“We go to isolated places. With no internet connection, no phones. With insecurity. But also with beauty and strength. The way people dance and sing in the villages is just incredible. There are times I would love to join. But I don’t really know these dances and songs, even though I come from the same country. I guess I was displaced too long myself.”

Ahmed Mohamed (38), humanitarian aid coordinator for the Ethiopia Joint Response, based in Addis Abeba

“These guys, you never know what they are up to”

“When I was a kid, I wanted to become a pilot. Things worked out differently. And for the better. Now, being a humanitarian, I teach my kids that reaching out to others in need is the best thing you can do in life.”

“Becoming a pilot is tough. But being a good humanitarian is equally tough. You need to maximize benefits for those who need it most. Be as effective and efficient with the limited resources you have. Stay neutral and impartial in life-threatening crises that divide people. Saving lives is your mission. So you have to act fast. At the same time, you have to account for every dollar of taxpayer’s or donor’s money you spend. You need to deal with insecurity. Colleagues do get killed in action. To mention just part of the job description.”

“Ethiopia has been going through hard times. Droughts, locust invasions, and armed conflict have killed and displaced so many people. The previous Joint Response focused on health care, safe drinking water and sanitation, and cash support. Now we do a lot of food distribution and provide safe shelter.”

“The work can be hectic. Field trips, paperwork, coordination, data collection, reporting. I do all of this. And of course, we constantly need to adapt interventions to changing realities. That’s the volatility of conflict. You never know what the next day will bring.”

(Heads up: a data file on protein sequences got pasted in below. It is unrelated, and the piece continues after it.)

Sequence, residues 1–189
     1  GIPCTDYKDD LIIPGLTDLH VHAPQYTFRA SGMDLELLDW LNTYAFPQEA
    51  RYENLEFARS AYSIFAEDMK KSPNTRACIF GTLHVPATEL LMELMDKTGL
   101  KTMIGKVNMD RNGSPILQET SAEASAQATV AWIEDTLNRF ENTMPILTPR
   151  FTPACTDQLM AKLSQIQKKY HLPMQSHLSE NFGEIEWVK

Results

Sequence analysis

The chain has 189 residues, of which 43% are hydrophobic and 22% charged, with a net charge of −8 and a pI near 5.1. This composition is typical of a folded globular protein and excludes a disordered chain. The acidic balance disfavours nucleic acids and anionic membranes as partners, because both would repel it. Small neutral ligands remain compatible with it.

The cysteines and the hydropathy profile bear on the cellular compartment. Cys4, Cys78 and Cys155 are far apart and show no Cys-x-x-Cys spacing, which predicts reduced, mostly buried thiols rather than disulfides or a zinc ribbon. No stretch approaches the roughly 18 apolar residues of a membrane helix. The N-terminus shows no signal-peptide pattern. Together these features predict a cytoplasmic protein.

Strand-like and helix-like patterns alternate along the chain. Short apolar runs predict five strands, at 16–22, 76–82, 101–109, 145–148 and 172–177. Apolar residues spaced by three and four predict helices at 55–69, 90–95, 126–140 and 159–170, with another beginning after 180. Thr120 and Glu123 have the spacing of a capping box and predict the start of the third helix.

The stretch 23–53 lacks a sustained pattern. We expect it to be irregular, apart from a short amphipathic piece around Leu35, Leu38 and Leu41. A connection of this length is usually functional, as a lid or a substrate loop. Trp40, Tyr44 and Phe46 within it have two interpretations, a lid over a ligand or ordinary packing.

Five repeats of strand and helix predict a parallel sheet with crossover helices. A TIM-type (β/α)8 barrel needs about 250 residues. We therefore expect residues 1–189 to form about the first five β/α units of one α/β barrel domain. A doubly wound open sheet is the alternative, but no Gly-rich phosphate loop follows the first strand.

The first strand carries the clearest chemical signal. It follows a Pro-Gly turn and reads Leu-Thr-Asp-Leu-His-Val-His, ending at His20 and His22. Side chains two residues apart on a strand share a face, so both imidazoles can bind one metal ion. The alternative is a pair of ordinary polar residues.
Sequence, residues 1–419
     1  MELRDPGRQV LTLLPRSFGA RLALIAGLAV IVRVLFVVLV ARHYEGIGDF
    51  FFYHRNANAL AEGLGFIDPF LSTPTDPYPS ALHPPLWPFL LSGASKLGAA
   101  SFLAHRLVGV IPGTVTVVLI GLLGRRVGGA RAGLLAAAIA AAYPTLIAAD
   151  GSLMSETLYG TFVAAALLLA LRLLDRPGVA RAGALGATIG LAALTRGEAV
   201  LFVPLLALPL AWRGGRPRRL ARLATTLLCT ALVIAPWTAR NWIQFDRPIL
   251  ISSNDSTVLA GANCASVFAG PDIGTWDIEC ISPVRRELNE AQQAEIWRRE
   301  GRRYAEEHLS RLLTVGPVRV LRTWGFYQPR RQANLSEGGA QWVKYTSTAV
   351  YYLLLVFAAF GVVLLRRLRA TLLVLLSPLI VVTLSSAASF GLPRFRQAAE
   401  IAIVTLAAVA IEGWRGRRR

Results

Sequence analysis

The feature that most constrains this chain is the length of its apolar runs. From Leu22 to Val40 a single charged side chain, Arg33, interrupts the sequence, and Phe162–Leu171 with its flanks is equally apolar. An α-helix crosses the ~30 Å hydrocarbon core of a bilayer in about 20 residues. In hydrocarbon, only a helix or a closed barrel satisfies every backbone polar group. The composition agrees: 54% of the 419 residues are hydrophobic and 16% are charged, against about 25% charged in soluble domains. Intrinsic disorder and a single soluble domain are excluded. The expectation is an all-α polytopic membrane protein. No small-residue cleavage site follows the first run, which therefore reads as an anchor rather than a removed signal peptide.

“Before this job, I worked in development aid. It takes years before you see the fruits of that work. Humanitarian work is strenuous and burdensome. You see a lot of suffering and interventions are usually too short. You can never do enough. But it’s also rewarding because you see the immediate effect of what you do.”

“My wife is happy and proud of what I do. But sometimes she is shocked. Last week, for example, I visited a crisis area. We were stopped by armed rebels. These guys, you never know what they are up to. Luckily, we could continue. By now, I am more or less used to these situations. But back home, my wife doesn’t like to hear about them.”

Samer Al Jamal (27), coordinator of the Lebanon Joint Response. The response reached out to victims of the blast in the port of Beirut in August 2020.

“We didn’t know each other, yet we felt like friends”

“I am from Achrafieh, the part of Beirut near the port that was destroyed by the ammonium nitrate blast on August 4, 2020. The sound of windows falling, of breaking glass in the streets, will be in my ears forever.”